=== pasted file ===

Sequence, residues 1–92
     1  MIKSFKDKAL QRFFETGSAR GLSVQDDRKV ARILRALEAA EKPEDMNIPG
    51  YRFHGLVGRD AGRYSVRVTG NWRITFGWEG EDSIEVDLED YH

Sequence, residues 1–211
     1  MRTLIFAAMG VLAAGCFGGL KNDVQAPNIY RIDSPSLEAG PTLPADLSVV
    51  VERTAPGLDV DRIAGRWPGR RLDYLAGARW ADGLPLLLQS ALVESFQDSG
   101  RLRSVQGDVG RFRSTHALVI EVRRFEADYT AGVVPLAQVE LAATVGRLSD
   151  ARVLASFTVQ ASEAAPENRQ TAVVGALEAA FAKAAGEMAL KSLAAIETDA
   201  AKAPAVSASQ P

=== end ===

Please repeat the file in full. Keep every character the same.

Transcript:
Sequence, residues 1–92
     1  MIKSFKDKAL QRFFETGSAR GLSVQDDRKV ARILRALEAA EKPEDMNIPG
    51  YRFHGLVGRD AGRYSVRVTG NWRITFGWEG EDSIEVDLED YH

Sequence, residues 1–211
     1  MRTLIFAAMG VLAAGCFGGL KNDVQAPNIY RIDSPSLEAG PTLPADLSVV
    51  VERTAPGLDV DRIAGRWPGR RLDYLAGARW ADGLPLLLQS ALVESFQDSG
   101  RLRSVQGDVG RFRSTHALVI EVRRFEADYT AGVVPLAQVE LAATVGRLSD
   151  ARVLASFTVQ ASEAAPENRQ TAVVGALEAA FAKAAGEMAL KSLAAIETDA
   201  AKAPAVSASQ P